In his autobiography, Chaplin recalled that making Sunnyside was “like pulling teeth”. From time to time, like any artist, Chaplin experienced creative blocks; but this was one of the worst in his career. No doubt one cause was his private life. Late in November 1918 he had married in haste a 17-year-old actress, Mildred Harris - and immediately regretted it as he found that poor Mildred was “no intellectual heavyweight” and woefully unequal to the job of wife to a genius.
Barely a week after the marriage, he was back at the studio with a plan to put Charlie into a rural setting, as the put-upon man-of-all-work at a seedy country hotel. He took the unit on location to one of the ranches that were still close by in that rural California, and hired horses, cows and cowboys - but the ideas for comedy did not come. After more than three months of idleness and a temporary abandonment of the project, Chaplin suddenly forced himself into a three-week spurt of energetic activity, after which he was able to complete Sunnyside.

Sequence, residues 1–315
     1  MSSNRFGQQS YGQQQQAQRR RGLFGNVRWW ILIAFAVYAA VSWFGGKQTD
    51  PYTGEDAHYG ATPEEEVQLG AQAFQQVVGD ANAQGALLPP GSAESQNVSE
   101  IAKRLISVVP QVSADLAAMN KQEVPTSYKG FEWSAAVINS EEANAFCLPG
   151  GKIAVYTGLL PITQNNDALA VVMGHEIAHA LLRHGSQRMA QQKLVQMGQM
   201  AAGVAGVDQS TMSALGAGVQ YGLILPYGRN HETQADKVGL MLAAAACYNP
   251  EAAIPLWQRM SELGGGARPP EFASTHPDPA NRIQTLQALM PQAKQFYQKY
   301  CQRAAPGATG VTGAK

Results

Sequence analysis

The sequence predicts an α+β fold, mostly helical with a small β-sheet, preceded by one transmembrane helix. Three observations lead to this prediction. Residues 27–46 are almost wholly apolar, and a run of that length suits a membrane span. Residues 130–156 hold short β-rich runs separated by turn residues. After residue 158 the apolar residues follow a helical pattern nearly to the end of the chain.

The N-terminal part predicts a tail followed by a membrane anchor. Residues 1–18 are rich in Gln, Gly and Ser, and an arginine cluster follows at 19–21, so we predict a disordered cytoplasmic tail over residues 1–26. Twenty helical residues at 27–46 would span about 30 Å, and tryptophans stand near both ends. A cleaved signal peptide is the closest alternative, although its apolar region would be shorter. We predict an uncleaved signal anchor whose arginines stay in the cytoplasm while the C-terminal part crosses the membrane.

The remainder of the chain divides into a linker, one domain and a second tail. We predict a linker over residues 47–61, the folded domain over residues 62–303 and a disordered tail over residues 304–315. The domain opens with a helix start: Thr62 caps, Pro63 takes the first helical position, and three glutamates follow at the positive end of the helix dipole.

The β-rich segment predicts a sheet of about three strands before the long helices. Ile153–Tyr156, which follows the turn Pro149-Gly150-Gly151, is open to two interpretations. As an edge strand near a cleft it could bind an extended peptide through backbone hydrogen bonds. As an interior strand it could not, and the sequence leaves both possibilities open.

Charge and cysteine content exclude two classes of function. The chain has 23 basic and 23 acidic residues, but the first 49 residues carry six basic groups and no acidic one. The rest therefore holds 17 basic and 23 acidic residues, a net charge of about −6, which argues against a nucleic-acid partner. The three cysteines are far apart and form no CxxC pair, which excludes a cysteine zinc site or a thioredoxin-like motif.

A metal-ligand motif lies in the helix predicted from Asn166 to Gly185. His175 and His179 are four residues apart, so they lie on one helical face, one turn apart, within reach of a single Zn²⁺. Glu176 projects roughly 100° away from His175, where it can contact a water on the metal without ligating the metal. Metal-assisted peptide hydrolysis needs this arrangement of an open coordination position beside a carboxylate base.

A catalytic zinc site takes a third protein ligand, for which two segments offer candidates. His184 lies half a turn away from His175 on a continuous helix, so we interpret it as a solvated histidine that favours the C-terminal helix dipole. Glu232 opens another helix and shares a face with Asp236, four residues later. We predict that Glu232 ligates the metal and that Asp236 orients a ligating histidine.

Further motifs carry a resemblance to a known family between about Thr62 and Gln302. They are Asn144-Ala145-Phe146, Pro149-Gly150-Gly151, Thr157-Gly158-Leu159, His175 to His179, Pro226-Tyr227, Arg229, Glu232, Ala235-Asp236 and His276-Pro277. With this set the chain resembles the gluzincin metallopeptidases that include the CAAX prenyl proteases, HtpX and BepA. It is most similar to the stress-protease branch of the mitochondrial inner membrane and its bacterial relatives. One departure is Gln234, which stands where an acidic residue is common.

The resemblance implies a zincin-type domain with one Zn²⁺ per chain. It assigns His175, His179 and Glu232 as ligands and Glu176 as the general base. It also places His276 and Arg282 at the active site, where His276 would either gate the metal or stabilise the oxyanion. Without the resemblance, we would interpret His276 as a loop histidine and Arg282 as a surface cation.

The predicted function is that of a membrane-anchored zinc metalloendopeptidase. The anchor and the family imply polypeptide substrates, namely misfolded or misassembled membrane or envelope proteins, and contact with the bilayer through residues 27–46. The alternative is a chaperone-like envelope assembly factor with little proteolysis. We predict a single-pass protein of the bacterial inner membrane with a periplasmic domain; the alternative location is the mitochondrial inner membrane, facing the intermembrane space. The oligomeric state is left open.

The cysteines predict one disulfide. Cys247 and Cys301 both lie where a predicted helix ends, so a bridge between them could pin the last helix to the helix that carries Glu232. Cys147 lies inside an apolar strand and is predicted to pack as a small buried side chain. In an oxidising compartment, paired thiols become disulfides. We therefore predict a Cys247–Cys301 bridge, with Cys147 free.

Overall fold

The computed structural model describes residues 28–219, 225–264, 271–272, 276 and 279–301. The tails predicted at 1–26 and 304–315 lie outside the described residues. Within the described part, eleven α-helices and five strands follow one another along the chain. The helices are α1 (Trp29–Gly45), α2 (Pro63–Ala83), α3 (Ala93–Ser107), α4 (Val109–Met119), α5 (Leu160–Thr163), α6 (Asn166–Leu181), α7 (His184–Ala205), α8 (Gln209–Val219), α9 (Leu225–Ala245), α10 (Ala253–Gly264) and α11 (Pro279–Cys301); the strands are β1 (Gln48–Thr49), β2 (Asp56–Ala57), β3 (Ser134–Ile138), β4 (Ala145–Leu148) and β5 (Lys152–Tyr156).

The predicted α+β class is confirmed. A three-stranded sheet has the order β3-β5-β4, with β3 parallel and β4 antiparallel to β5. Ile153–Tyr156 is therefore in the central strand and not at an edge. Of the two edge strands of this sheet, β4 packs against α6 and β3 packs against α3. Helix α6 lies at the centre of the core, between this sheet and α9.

It is a more interesting film than Chaplin or his critics gave him credit for. The spectacle of Charlie in a rural setting is novel, and provides some unexpected gags. Some scenes have a rather piquant edge of cruelty.
One scene in particular is particularly remembered. Charlie, knocked unconscious, dreams that he dances with four wood-nymphs. This virtuoso performance is clearly a tribute to the ballet L’Après-midi d’un faune, created and performed by the great Russian dancer Vaslav Nijinski. Nijinski had visited Chaplin’s studio and the two men clearly had a great mutual admiration. Chaplin was understandably flattered when the Russian dancer and his colleagues complimented him on his own dancing skills.
Text by David Robinson / Copyright 2004 MK2 SA